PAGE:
History of Coquimbo

Ever since its early days, the area where the City of Coquimbo stands today used to be inhabited by the native moluches. Its name, “coquimbo”, means “place of calm water” in the native tongue. Undoubtedly, this was the feature that encouraged many colonists, such as Pedro de Valdivia and Juan Bouchón – founder of La Serena –, to observe the place as an ideal spot for the construction of a port.

According to some records from those days, the owner of the lands occupied today by the territory of Coquimbo was Isabel Beatriz Colla. She had inherited it. Her husband, Bernardo Álvarez de Tobar, requested a title deed for the land from the Real Audiencia, based on the marriage bond with Isabel.
Afterwards, the land was subdivided by inheritance and sales to new owners. The place appears in the logs of outstanding pirates and privateers who hit the region. In the early XIX century, Coquimbo was just a small fishermen village, but when the railway reached the area to join the copper mines to the sea, the territory became very popular and its population increased considerably.

It was not until 1850, during the administration of Manuel Bulnes, that the city layout was approved. The José Joaquín Pérez administration passed a law to create the District of Coquimbo in September 24, 1864. The municipality of Coquimbo was created in May 5, 1867, and José Joaquín Edwards Ossandón was its first mayor. It was granted the title of city in September 4, 1879, during the administration of Aníbal Pinto.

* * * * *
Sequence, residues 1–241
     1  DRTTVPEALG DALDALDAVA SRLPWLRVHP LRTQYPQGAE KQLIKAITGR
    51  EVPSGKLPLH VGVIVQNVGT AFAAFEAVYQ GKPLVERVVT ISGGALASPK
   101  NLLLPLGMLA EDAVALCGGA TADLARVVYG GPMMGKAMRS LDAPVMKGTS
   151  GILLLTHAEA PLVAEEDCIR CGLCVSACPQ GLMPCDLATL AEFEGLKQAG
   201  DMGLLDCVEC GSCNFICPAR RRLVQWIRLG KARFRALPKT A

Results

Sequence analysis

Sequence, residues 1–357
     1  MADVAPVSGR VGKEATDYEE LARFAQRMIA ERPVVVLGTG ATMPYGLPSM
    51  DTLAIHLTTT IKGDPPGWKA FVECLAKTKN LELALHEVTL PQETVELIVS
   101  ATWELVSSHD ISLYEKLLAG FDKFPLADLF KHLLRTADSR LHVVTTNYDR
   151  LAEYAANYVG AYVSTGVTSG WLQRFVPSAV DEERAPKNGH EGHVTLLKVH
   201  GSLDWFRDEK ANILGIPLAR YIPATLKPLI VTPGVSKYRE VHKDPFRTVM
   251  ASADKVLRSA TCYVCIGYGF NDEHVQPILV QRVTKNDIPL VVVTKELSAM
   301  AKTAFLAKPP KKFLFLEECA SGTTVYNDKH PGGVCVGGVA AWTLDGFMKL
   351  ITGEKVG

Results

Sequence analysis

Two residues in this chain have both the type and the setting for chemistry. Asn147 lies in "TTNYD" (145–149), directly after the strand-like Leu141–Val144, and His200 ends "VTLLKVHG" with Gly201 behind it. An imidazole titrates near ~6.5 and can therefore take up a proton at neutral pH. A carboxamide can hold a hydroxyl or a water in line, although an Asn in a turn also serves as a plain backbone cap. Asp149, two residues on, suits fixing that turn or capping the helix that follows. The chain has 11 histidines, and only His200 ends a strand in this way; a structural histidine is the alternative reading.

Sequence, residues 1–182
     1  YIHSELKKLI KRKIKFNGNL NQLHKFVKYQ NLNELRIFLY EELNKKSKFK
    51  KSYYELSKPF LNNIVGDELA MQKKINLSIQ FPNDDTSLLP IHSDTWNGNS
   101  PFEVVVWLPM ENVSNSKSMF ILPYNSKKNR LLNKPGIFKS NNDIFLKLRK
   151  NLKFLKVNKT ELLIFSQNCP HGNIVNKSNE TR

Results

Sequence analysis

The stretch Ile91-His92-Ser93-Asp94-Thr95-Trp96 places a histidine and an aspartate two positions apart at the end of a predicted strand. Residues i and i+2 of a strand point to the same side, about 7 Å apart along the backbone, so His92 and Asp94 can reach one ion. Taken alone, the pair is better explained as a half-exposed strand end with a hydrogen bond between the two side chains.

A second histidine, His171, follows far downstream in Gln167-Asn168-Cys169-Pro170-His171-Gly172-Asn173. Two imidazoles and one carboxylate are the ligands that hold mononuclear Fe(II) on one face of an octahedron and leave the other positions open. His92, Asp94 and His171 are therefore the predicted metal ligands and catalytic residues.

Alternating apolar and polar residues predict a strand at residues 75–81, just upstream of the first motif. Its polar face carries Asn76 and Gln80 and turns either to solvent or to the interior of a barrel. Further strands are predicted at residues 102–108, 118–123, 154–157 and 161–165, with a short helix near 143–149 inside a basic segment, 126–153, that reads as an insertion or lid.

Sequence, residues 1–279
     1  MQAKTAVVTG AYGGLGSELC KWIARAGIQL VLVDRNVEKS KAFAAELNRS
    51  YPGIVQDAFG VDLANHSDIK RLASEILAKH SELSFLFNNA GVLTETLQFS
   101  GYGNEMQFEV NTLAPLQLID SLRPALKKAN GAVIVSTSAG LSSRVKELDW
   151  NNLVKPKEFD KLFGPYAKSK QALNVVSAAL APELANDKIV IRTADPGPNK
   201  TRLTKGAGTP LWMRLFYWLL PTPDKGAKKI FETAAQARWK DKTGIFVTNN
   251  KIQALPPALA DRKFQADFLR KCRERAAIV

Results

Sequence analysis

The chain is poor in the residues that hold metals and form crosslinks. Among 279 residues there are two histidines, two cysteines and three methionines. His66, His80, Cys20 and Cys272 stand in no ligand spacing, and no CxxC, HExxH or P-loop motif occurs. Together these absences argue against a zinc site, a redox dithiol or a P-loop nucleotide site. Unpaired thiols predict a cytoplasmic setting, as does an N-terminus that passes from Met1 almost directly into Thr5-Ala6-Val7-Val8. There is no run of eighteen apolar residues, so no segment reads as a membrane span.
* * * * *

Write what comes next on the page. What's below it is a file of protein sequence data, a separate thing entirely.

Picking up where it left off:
Once in the XX century, the city became consolidated as such until in 1922 it was hit by a tsunami that reached 7 m.a.s.l. and killed hundreds of people. As time passed, Coquimbo experienced the same growth as all the other important ports in Chile.

Today, as a result of its long coastline suitable for swimming and nautical sports, it is a popular summer destination in Chile.
A local legend goes that the English privateer Francis Drake left an important treasure somewhere at La Herradura Beach in Coquimbo. This story, I addition to the visits paid by other pirates during the times of the colony, has given way to an enigmatic tourist image of the region quite worth visiting indeed.